Poco adagio - As in the transition from introduction to first movement, the pizzicato strings bring forth the next movement. After this slow introduction the organ makes its first entrance with long held, slowly progressing low tones. The strings play a lyrical theme as the organ continues to accompany. The main theme returns in the pizzicato strings and slowly combines with the new theme. The combination reaches a climax, and the music reduces in volume as the main theme slowly vanishes as the movement ends with hushed tones in the organ and strings.
II. Allegro moderato – Presto - A new theme in the agitated rhythm of the first movement enters, and is followed by another variant of the main theme. The trio of this scherzo has another variant of the main theme and includes the piano in the mix. The scherzo is repeated, parts of the trio are repeated after which the music slowly leads to the first theme that has shifted from C minor to C major and acts as a segue to the last movement:
Maestoso - Allegro - A huge C major chord begins the last movement, the strings and organ alternate until the strings and piano (played 4 hands) transform the first theme in a rippling chorale. Saint-Saëns pulls out all the stops of the organ (and orchestra) in a repeat of the main theme chorale, after which a short fugue discusses the main theme in a different variation of it. The main theme continues to grow and mutate throughout the movement until Saint-Saëns goes completely over the top with full orchestra and organ as the tempo increases and the music races to a grand ending.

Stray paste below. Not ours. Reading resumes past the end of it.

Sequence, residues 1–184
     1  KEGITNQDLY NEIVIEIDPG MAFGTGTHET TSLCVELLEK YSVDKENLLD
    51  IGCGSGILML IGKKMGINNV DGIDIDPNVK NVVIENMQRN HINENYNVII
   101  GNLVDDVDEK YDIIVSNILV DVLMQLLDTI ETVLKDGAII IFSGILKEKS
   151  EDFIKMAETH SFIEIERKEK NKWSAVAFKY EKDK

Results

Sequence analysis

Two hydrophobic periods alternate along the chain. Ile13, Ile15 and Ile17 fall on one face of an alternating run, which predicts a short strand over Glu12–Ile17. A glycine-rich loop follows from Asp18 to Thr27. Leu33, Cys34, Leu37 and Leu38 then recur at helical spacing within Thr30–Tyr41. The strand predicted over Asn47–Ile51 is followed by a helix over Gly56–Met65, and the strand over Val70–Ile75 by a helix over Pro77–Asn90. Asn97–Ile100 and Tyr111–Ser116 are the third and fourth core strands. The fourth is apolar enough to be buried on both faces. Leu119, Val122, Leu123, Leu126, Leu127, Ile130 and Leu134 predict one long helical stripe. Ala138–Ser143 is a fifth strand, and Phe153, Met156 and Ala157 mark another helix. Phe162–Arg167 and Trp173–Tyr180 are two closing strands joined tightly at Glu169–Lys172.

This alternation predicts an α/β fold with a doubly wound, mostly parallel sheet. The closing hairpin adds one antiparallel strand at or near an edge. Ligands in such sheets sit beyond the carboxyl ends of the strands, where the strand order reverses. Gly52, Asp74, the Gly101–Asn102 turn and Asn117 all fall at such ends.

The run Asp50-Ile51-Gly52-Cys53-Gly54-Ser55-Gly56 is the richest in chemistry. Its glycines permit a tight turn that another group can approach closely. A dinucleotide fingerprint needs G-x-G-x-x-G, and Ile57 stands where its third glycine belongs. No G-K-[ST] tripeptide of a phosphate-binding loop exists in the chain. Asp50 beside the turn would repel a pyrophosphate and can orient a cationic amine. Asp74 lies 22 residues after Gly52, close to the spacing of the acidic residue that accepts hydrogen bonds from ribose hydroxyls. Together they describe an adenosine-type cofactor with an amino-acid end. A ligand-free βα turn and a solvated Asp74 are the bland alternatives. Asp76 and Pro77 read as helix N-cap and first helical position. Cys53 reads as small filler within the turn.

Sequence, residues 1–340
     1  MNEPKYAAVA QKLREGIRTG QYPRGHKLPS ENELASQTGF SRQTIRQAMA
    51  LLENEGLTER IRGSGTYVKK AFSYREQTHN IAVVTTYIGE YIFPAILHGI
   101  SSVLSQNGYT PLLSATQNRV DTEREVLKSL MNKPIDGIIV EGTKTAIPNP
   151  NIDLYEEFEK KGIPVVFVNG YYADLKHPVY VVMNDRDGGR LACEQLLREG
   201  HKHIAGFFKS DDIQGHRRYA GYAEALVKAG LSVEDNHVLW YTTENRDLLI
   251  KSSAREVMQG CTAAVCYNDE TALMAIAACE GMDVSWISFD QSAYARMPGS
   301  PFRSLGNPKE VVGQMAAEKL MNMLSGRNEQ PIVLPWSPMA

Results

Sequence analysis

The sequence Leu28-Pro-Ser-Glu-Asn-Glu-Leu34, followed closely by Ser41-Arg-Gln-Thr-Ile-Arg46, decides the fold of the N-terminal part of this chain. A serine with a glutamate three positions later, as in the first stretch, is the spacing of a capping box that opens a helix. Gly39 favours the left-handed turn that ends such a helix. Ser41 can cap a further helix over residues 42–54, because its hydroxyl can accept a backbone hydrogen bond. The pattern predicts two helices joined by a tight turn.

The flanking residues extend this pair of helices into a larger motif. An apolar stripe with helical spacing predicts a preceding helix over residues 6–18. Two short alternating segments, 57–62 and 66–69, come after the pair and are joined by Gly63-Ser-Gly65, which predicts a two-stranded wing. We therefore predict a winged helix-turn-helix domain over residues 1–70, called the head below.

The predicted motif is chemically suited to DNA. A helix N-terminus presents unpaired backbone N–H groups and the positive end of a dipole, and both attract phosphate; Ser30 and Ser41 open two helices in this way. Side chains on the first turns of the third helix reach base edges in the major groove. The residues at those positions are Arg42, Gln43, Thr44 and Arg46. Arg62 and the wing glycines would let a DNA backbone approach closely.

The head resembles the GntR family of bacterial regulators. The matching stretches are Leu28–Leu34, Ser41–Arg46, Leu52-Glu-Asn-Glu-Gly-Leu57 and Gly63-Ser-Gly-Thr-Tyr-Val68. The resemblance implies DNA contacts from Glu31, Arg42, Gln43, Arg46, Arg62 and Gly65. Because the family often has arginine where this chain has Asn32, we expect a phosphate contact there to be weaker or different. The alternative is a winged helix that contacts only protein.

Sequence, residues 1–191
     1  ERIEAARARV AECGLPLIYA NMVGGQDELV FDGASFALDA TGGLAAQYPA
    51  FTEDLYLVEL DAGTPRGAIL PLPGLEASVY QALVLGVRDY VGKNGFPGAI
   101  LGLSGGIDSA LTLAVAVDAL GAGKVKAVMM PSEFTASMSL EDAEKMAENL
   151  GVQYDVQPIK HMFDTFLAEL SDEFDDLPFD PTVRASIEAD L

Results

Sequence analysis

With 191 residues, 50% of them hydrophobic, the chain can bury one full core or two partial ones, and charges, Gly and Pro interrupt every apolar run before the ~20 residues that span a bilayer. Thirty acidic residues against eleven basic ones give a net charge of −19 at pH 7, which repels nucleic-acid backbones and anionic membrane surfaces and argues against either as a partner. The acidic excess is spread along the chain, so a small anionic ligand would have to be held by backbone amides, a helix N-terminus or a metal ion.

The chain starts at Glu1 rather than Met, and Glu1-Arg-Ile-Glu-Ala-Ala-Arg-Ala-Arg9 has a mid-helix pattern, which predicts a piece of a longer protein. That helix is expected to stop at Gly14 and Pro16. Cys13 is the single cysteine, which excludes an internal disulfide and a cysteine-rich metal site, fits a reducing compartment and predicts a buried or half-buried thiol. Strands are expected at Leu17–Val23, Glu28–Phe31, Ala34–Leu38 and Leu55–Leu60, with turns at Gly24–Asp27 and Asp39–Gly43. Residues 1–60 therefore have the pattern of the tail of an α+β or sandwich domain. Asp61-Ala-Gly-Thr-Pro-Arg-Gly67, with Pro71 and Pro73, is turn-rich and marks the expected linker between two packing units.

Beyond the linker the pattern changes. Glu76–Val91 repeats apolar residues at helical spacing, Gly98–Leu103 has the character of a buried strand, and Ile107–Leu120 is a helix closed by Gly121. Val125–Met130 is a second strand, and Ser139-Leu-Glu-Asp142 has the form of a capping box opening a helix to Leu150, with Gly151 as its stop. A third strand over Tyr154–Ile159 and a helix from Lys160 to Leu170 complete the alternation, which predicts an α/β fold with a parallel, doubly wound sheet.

Saint-Saëns was a master of the piano, as well as the organ (Liszt called him the best organist in the world) and orchestra. This symphony combines his mastery of instruments and instrumentation into one of the most popular symphonies ever written. The composer himself thought that this symphony was his last, as he said:
I gave everything to it I was able to give. What I have here accomplished, I will never achieve again.There are of course listeners that don't like the 3rd Symphony, as with any piece of music. Music is a very personal thing after all. But from time to time the symphony still receives harsh criticism, perhaps left over from a tradition of throwing rotten eggs at Saint-Saëns because of what he became late in life. But after years of listening to a lot of music, sometimes I like to come back the the 3rd Symphony just for the sheer visceral pleasure of the music.